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VMs: Cryptology As a Discipline

C W Lee notes, anent to my question about the academic worthiness of

>I agree, but how many major universities or colleges 
>can you name that have a department of cryptograhy, 
>or even offer a minor in cryptographic studies?  How 
>many other, lesser known, institutions of higher 
>education have such studies?  Can you even name 
>a junior college somewhere that has a course in 

Beside the point, as many disciplines began without their later academic
credentials.  How many junior colleges, colleges, or universities had a
Department of Computer Science in 1946?  How many accredited institutions
had an aeronautical engineering course in 1904?

For the record, during World War II, many colleges were occupied by the
various military services to educate officers.  Odds are that under those
unusual circumstances, there were several courses on various aspects of
cryptology.  I have in my modest crypto collection a copy of TM11-485,
Advanced Military Cryptography, issued on 8 June 1944, and (uncritically)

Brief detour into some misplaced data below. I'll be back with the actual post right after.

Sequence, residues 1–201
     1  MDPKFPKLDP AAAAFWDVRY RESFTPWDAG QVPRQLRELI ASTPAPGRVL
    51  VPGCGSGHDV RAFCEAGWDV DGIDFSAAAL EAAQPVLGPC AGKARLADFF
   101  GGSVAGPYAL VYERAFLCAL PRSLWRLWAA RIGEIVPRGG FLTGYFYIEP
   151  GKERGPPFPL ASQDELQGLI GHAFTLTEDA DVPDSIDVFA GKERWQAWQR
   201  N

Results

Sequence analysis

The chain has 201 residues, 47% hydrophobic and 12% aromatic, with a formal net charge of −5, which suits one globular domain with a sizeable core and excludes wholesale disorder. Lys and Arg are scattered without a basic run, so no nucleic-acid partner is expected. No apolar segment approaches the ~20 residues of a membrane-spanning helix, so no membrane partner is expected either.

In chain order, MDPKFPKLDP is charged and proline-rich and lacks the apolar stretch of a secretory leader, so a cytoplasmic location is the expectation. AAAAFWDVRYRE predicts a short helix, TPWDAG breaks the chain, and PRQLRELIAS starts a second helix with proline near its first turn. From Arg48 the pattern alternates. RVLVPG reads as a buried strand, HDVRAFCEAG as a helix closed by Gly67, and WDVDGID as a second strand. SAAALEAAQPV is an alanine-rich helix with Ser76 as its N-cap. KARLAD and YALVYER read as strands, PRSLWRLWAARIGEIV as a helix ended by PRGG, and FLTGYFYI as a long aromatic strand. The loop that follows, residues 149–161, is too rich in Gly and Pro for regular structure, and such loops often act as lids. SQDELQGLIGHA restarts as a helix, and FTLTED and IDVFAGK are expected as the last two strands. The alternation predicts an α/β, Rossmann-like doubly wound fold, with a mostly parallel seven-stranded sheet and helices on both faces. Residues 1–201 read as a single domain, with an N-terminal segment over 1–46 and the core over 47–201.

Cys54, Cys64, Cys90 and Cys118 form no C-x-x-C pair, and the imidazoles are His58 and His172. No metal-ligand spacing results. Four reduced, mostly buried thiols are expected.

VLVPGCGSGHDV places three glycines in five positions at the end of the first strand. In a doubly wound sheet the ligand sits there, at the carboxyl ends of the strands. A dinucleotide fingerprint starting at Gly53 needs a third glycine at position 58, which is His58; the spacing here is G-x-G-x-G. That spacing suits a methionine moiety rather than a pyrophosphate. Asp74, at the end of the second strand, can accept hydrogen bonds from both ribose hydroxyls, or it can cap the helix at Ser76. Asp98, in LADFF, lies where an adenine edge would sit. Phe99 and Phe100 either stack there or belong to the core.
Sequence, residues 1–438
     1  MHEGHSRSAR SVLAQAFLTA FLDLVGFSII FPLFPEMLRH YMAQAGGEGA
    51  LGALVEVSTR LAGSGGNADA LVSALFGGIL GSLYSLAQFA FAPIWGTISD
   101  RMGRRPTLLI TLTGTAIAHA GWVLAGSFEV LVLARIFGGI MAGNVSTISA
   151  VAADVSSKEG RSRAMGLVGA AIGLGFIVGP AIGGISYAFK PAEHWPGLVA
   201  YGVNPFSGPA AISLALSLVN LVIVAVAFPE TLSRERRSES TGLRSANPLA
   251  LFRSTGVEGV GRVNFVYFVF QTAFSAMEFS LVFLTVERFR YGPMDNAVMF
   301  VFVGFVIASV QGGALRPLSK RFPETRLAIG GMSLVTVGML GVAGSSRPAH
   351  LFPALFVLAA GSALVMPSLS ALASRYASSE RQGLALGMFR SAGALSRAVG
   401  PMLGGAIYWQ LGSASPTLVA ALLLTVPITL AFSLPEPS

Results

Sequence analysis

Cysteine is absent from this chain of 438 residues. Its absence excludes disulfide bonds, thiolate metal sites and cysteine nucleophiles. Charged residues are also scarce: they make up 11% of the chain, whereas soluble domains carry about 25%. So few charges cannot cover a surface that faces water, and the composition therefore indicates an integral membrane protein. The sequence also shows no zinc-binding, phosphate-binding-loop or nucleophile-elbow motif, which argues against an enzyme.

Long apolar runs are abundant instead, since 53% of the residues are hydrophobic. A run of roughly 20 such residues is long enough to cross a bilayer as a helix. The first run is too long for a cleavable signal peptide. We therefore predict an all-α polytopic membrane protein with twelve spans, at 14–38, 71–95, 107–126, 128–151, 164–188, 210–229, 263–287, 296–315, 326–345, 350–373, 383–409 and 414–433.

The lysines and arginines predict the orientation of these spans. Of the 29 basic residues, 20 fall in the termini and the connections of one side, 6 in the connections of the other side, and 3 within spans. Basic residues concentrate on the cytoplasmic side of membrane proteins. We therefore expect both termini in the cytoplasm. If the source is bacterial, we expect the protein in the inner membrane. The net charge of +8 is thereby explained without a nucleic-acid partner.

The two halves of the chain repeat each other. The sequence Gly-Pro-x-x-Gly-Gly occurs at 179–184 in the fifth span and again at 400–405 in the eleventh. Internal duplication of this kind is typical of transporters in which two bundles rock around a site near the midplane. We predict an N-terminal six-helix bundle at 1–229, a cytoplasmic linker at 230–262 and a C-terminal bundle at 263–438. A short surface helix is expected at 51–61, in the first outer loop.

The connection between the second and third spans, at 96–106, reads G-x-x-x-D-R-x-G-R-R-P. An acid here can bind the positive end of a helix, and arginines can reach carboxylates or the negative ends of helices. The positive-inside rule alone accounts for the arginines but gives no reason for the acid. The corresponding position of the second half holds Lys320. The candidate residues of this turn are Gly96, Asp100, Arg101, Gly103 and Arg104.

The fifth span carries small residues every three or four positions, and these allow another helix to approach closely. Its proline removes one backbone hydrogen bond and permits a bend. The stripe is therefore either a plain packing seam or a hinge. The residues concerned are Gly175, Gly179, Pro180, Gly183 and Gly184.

authored by the great William F. Friedman.  I suspect that it was
employed in a number of offficer-training courses.

The question may better be, why _hasn't_ Cryptology become an academic
discipline whereas Aeronautics, Computer Science, and later disciplines
have become?  The answer is probably because of perceived demand. 
Frankly, many academic disciplines are training grounds for future
practitioners in their area of interest.  Somebody entering an
institution of higher education usually has some idea off a career path,
be it medicine, engineering, research, or pure scholarship.  Very few
students are struck with the ambition to become a Cryptologist and/or
cryptanalyst.  So the chances are that no institution has perceived a
need for such a department.  Probably only the cipher aspects of
cryptology would be candidates to become a subfield of Computer Science. 
Other areas such as Steganography or other nondigital means of message
concealment would be outside the areas of interest to a Computer Science

My comment, "Any discipline with the depth and scope of modern cryptology
is as valid an academic discipline as any other," still holds.  That no
institute has not bestirred itself to develop such a department is not
the fault of the discipline.  

That is why I still believe that the best place to receive the collection
would be the National Security Agency's museum.

Stephen A. Kallis, Jr.

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